WHEN I started road-testing cars in 1987, a four-wheel-drive launch was a fun thing to do. It generally involved taking a vehicle that was seemingly the offspring of a large station wagon and a truck and aiming it at a bush track or a beach full of sand dunes.
Mostly they looked like heavyweight wrestlers with the demeanour to match, were fairly ungainly and their construction was such that what they couldn't go around they went through.
Putting them on nice sealed roads exposed the deficits in their ride and handling and driving them in the confines of cities and suburbs was character-building.
I once drove a very large four-wheel-drive through the heart of Paris on a busy weekday and remember the experience vividly. At least I don't wake up screaming uncontrollably anymore.
But we loved the big (and sometimes smaller) things and could not get enough of them, probably because we all dreamed of going bush one day, of tackling the Simpson Desert or rolling over the Stockton Beach sand dunes.
Happily, the world's car makers interpreted our dreams. They removed the military tank factor, added-in refinement and car-like characteristics such as ride quality, handling and manoeuvrability and called the end result the Sports Utility Vehicle or SUV.
Which brings us to Hyundai's Tucson, a delicious drive that manages to encapsulate the earthiness of the bush with the style of the city, the comfort of a mid-size sedan with the macho of the offroader, respectable driving characteristics, impressive luggage capacity and an overwhelming sense of ‘feel-good'.
Better still, Hyundai offers Tucson in a broad model range incorporating four engine and three transmission choices, two- and all-wheel-drive and pricing between about $28,500 and $47,500.
Anyone expecting a bone-shaker ride will be happy to know that Tucson just is not going to give that. Just the opposite in fact and this smallest of Hyundai's SUVs delivers more than most will expect.
Two comfortable bucket seats up front (cloth-trimmed on the entry grades, leather-appointed on our Elite test car), a spacious bench seat in the back with loads of legroom courtesy of the SUV's more upright styling, a lidded console and loads of door pockets and cup holders.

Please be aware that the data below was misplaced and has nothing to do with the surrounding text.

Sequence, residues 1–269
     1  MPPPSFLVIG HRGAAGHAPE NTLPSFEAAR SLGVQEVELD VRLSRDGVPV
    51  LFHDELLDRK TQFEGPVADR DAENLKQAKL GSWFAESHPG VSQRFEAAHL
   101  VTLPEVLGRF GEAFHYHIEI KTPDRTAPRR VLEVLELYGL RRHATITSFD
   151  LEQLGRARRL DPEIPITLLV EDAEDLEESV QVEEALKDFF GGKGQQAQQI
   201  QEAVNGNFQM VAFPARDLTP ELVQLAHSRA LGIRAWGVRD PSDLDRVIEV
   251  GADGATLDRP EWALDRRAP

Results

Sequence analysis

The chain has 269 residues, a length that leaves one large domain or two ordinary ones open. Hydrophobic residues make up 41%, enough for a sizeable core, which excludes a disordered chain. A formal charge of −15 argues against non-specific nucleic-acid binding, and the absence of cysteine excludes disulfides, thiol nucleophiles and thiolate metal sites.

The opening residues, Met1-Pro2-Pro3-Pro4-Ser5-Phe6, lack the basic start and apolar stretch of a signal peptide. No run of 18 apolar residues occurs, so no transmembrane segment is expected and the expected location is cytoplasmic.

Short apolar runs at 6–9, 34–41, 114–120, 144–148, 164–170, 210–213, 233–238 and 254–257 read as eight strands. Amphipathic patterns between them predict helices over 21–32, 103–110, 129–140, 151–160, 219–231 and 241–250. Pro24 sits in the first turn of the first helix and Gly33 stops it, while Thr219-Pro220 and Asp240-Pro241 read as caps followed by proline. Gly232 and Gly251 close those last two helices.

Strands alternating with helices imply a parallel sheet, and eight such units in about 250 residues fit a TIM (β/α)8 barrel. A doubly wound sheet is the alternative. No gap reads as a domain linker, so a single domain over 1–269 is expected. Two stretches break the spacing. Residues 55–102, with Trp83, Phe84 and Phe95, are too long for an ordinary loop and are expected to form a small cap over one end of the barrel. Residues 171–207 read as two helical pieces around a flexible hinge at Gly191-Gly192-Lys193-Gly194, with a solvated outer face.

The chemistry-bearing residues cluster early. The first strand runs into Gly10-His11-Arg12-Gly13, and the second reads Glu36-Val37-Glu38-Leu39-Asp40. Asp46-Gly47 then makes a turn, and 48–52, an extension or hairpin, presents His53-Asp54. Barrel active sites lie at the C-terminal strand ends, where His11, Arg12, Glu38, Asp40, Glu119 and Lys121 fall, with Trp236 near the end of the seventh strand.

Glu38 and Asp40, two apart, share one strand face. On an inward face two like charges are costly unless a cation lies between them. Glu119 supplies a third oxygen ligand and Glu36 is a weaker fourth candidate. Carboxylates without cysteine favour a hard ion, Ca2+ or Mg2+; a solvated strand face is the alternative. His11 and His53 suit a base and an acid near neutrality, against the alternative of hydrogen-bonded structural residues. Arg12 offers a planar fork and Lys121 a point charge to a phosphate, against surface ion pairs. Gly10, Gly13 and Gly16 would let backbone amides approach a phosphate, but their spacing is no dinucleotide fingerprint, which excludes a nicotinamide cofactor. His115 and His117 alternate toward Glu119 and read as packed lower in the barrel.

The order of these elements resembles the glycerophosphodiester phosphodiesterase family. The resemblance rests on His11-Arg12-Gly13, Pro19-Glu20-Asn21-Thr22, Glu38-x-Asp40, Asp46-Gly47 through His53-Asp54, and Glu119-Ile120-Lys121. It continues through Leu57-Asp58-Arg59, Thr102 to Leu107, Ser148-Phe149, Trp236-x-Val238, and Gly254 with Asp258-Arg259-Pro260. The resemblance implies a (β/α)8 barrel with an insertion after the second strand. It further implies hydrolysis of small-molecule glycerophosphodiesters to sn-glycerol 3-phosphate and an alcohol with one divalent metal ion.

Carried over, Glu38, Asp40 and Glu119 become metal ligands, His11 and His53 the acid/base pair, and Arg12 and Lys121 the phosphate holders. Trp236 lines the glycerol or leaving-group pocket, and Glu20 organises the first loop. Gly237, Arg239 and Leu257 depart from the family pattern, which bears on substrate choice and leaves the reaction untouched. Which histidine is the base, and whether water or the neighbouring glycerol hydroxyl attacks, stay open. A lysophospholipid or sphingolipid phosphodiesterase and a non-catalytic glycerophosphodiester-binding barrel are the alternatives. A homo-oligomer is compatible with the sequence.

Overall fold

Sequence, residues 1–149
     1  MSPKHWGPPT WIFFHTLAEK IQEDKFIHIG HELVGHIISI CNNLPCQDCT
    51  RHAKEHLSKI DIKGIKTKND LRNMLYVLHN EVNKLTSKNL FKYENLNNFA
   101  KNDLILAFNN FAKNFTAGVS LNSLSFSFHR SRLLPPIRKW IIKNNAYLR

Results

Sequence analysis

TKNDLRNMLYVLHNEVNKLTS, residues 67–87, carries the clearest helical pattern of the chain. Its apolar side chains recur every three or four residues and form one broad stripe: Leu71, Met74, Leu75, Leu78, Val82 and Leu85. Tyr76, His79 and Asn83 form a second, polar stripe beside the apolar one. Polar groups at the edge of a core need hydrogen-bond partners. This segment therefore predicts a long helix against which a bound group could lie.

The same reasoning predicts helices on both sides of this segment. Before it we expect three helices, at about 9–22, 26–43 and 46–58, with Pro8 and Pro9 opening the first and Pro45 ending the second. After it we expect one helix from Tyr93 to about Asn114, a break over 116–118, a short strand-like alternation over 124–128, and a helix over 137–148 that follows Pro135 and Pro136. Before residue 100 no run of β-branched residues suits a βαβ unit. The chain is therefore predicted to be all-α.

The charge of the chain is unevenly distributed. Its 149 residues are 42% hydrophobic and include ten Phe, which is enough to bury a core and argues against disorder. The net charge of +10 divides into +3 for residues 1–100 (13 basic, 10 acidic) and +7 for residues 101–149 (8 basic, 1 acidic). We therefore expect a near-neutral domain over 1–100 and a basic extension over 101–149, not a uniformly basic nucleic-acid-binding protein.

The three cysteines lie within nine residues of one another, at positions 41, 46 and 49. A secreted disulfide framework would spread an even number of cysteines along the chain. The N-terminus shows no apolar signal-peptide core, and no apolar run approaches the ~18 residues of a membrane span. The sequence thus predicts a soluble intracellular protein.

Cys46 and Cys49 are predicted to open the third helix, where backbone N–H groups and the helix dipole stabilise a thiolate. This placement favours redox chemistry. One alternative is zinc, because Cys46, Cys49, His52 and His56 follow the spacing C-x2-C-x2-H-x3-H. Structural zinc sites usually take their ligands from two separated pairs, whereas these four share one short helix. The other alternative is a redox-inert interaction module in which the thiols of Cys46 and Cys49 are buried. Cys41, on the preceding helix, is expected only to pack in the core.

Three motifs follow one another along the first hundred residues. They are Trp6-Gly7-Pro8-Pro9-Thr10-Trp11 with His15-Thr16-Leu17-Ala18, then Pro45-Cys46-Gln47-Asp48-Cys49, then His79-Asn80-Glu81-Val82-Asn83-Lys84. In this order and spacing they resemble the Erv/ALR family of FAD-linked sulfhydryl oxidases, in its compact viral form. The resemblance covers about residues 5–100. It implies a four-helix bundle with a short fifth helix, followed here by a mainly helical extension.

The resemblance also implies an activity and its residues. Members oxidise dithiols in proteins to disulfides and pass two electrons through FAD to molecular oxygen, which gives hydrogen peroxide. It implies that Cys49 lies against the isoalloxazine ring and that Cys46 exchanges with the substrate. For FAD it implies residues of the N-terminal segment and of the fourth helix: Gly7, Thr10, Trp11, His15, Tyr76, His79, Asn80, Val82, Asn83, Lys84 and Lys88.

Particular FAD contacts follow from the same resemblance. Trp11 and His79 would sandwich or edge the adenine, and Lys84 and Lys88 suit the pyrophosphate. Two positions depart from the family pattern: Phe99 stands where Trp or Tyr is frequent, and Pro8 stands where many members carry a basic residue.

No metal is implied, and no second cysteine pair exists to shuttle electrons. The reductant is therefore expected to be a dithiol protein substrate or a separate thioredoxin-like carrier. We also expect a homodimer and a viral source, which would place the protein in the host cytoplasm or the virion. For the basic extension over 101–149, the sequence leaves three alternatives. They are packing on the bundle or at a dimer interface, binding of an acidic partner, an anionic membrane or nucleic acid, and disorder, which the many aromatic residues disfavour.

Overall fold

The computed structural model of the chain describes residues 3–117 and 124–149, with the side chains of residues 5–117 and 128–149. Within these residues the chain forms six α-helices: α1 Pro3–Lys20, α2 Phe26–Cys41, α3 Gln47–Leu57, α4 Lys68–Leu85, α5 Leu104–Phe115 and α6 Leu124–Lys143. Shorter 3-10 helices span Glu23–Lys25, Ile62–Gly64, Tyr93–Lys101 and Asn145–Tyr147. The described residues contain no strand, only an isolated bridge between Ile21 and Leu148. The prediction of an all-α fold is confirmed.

Standard equipment is impressive with a list way too extensive to go through here but think central locking, a big touch screen display, standard Apple CarPlay, six-speaker audio with USB and auxiliary connection, Bluetooth connectivity, cruise control, power windows, steering wheel-mounted controls, trip computer, three 12-volt power sockets and roof rails.
All of that is on the entry point Active model and equipment levels work upwards from there through the Active X, Elite and Highlander.
ON THE ROAD
Ride and handling qualities are excellent, showing how far development has come in this style of vehicle.
The suspension is independent front and rear with MacPherson struts managing the front and a fairly sophisticated multi-link arrangement looking after the rear. Spring and damper settings give a nice degree of firmness on the blacktop (it almost feels European) but on unmade or rough roads the compliance is excellent.
The Elite test car came standard with 17x7-inch alloy wheels and 225/60R17 tyres which helps ride quality and the 18- and 19-inch wheels (with 55- and 45-series tyres respectively) on some of the other models might make the ride a little firmer but will stiffen the handling a touch.
Steering is rack and pinion but the assistance is by an electric motor rather than hydraulics, and seriously, you'd have to work hard to pick the difference.
BEAUTY OR BEAST?
I have to admit to being a fan of this car's visuals and I admire the way Hyundai's designers have transferred the corporate ‘Fluidic Sculpture' design language from the sedans and hatchbacks into this SUV.
The wheels sit well into the corners of the car and minimal body overhangs front and back give it a bulldog stance, all knuckles and attitude.
Up front, the beefy grille leads back across a low-set bonnet, and there is a big glasshouse that runs back towards quite delicate C- and D-pillars.
Side creases at the shoulder line break up any degree of slab-sidedness and the rear has a slightly elongated tail rather than being chopped off abruptly.
SNIFF OF AN OILY RAG
The diesel engine is the thriftiest, returning official averages of 6.4 litres/100km when running the 17-inch wheels and 6.8 when fitted with the 19-inch wheels.
The 2.0-litre MPI engine averages 7.9 litres/100km with both manual and auto gearboxes, and the 2.0 GDi does 7.8 (manual) and 7.9 (auto). For its part, the 1.6 T-GDi averages 7.7 litres/100km.
I might be going out on a limb with this but I reckon that, right now, Tucson is the best buy in Hyundai's growing range – a range that includes a lot of very good buys.
It looks good, drives well, has a tonne of versatility and can pack a bundle of stuff in when luggage space becomes an essential.
In other words, Tucson is a complete package with plenty of choices to appeal to both the hip pocket and the buyer's desired level of individualisation.
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